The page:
• Identify your triggers. Keep a diary of asthma attacks, noting what seems to cause them. Besides animal dander (particularly that of cats), pollen, cold air, exercise, dust mites, and cockroach droppings, other common triggers include aspirin, chocolate, milk, nuts, and fish.
• Slim down. Obese women, defined as those with a Body Mass Index of 30 or higher, have almost double the risk of developing asthma as other women, according to one Canadian study. Another study that tracked a group of nurses found that those who gained more than 55 pounds after age 18 were almost five times as likely to develop asthma as those who kept their weight down.
• Drink lots of water. Here’s another reason to down at least eight glasses of water daily: It loosens mucus to keep airways clearer.
• Keep indoor air dry. Reduce humidity below 50%. Using a dehumidifier or air conditioner also keeps the dust mite population down. Be sure to change or clean filters often.
• Don’t smoke. And stay away from people who do. Secondhand smoke can trigger asthma attacks. It also increases the risk of getting asthma. One Swedish study of 8,000 adults found asthma in 7.6% of those exposed to secondhand smoke as children, compared to 5.9% of those who grew up smoke-free.
• Bundle up. Wintry air can trigger asthma. So cover your nose and mouth with a scarf. It’ll help warm the air you’re breathing.
Alternative therapies for asthma
Stress and extreme emotions can trigger asthma, so it’s important to find ways to remain calm. One interesting study suggested that yoga meditation may help the effectiveness of asthma drugs. A group of people with asthma, who continued to experience symptoms while taking preventive medication, improved after practicing Sahaja yoga for four months. This form of Indian meditation teaches practitioners to attain “mental silence,” a state of being alert without specific, focused thoughts. Lung tests showed that the yoga students were less susceptible to asthma triggers than those who practiced other relaxation techniques. Two months after they stopped practicing yoga, the benefits disappeared. Acupuncture may help improve short-term lung function, although the scientific evidence is less than conclusive. In one controlled study, nearly 50% of the asthma patients who practiced guided imagery were able to decrease, or even discontinue, their medication, compared to just 18% of the control group.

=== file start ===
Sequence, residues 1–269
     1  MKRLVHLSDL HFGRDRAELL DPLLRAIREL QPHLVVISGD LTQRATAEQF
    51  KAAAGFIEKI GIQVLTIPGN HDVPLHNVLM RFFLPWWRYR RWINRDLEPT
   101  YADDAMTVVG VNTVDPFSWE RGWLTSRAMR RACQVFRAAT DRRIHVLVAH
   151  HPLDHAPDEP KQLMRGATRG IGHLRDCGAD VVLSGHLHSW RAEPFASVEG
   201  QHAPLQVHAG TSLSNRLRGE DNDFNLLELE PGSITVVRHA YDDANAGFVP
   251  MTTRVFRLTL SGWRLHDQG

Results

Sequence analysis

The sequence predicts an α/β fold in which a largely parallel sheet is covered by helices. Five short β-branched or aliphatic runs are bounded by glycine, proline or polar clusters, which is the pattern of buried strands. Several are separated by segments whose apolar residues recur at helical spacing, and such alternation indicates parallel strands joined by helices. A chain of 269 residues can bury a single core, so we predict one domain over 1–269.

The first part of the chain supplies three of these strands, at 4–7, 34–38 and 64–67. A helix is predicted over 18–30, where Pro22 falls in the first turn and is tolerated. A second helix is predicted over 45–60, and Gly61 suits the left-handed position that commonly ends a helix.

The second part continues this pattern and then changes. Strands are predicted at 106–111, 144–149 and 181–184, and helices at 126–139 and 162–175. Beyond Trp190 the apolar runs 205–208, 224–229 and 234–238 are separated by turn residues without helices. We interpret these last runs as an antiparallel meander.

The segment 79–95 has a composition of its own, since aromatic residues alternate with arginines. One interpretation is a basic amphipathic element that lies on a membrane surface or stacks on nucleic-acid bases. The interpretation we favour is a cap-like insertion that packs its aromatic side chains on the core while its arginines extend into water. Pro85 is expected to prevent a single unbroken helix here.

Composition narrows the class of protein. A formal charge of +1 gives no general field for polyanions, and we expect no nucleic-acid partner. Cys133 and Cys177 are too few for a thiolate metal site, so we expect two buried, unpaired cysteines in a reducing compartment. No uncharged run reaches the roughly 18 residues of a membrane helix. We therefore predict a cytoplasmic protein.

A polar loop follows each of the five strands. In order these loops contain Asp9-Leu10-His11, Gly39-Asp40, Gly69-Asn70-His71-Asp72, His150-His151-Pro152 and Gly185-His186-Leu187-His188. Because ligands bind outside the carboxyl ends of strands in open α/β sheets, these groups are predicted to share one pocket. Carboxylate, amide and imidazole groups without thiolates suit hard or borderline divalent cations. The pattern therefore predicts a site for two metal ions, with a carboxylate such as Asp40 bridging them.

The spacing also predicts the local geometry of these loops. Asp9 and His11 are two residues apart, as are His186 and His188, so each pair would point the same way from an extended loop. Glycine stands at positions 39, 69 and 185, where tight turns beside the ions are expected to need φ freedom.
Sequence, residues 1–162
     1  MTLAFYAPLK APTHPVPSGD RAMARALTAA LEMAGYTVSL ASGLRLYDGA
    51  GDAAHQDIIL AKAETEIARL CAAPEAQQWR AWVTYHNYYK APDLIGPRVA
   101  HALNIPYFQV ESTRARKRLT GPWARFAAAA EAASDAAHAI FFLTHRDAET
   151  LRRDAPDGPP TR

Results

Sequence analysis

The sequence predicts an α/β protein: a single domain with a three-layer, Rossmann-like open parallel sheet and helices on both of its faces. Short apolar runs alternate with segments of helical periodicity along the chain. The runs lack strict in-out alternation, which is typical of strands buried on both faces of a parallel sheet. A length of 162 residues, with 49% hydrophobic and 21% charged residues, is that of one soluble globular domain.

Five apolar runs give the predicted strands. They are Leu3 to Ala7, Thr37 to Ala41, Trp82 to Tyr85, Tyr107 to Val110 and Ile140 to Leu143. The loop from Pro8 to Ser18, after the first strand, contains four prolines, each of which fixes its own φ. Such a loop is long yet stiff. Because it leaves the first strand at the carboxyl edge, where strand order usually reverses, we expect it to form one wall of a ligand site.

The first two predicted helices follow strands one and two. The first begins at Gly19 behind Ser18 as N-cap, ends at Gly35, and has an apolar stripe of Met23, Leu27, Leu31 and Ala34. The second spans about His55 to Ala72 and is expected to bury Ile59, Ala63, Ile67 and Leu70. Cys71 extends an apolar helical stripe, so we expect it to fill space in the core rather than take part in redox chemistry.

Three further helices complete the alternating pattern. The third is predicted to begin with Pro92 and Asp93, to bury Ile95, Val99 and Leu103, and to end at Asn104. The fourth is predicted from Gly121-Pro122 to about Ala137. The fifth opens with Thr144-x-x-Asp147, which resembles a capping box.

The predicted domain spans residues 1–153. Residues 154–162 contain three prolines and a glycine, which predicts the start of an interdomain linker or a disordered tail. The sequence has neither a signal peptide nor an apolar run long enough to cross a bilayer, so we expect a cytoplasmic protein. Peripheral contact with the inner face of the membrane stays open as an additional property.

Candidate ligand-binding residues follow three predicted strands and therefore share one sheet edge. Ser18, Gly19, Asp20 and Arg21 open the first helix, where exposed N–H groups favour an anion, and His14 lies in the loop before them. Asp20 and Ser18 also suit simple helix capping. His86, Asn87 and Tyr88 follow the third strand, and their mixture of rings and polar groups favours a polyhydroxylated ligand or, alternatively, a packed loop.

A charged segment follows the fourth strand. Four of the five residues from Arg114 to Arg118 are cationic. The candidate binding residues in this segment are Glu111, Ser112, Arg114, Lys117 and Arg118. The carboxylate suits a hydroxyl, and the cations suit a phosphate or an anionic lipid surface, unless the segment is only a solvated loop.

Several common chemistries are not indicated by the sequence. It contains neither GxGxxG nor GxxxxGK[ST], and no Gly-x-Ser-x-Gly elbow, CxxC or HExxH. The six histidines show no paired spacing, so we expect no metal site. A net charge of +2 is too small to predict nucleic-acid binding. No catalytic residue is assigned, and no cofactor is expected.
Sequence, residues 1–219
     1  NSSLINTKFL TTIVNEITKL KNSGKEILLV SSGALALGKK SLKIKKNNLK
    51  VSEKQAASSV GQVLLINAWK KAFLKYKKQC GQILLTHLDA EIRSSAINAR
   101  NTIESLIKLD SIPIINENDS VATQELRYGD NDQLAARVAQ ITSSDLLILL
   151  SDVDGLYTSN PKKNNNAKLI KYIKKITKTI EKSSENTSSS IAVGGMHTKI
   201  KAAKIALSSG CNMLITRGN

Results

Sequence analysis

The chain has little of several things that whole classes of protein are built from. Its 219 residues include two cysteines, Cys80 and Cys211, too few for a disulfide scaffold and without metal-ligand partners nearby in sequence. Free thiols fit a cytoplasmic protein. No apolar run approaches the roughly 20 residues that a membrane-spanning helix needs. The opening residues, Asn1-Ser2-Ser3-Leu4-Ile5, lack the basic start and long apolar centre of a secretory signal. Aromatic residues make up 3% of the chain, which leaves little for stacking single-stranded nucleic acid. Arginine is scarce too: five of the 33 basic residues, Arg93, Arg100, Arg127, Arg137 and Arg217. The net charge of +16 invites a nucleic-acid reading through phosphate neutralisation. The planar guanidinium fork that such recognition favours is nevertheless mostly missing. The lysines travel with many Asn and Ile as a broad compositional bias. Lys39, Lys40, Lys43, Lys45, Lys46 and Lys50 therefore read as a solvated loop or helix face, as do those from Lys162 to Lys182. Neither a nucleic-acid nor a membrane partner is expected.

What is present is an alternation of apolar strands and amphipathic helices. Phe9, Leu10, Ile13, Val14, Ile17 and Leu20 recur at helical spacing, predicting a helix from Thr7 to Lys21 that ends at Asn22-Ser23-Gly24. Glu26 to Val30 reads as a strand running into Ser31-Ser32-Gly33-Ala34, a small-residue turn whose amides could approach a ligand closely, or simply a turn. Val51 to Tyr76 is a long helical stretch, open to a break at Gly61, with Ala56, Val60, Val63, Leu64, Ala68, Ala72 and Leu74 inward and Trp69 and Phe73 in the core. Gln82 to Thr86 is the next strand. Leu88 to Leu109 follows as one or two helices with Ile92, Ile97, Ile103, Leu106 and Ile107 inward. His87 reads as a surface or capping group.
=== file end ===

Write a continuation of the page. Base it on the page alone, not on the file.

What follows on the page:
Certain foods can help you control your asthma. Researchers in the UK found that people who ate at least two apples a week had up to a 32% lower asthma risk than those who ate fewer. They also discovered that those who had at least 55 mcg of the mineral selenium each day—the daily value—were about half as likely to have asthma as those who consumed only 30 mcg or less. Selenium is found in such foods as Brazil nuts, fish, oysters, and sunflower seeds. Researchers believe that antioxidants like vitamin C boost lung health and may help lower the risk for asthma.
Questions for your doctor
• Would you help me prepare an asthma action plan?
• Should I bring my peak flow readings to my next appointment?
• Is it dangerous for me to exercise?
• Should I consider moving to a different climate?
• Will allergy shots help me?
• Should I see a specialist?
Living with asthma
If you live with Asthma, here are a few tips to stay in control of your condition:
Perform at your peak. A peak flow meter can help you head off an asthma attack before it becomes serious. This simple and inexpensive plastic gadget measures how fast you can exhale air from your lungs. People with untreated asthma have low “peak flow,” which increases (often dramatically) a few minutes after they take medication. Measure your peak flow twice a day when your asthma is under control. You’ll know what’s normal for you. When these baseline readings begin to fall, you’ll know you might be about to have an attack.
Give yourself a spacer. A metered-dose inhaler lets out a burst of medication when you press down on it, but this most common type of inhaler can be tricky to time correctly. A special device called a spacer may help. This long plastic tube attaches to one end of the inhaler. The other end goes into your mouth. Once the inhaler is activated, the medication remains in the spacer until you inhale it. With some of these inhalers, like Advair Diskus, the metered dose is released only when you breathe in.
Clean house. Up to 90% of people with asthma react badly to dust mites. These tiny insects cling to carpets, mattresses, bedding, upholstered furniture, and even clothing. Solutions include banishing carpets, dusting religiously with a wet or oiled cloth, and using a vacuum with a microfiltration bag. Wash all bedding in hot water (130°F or higher) once a week, and consider replacing dust-catching blinds or curtains with shades.
Adapted from Know Your Options: The Definitive Guide to Choosing The Best Medical Treatments, Reader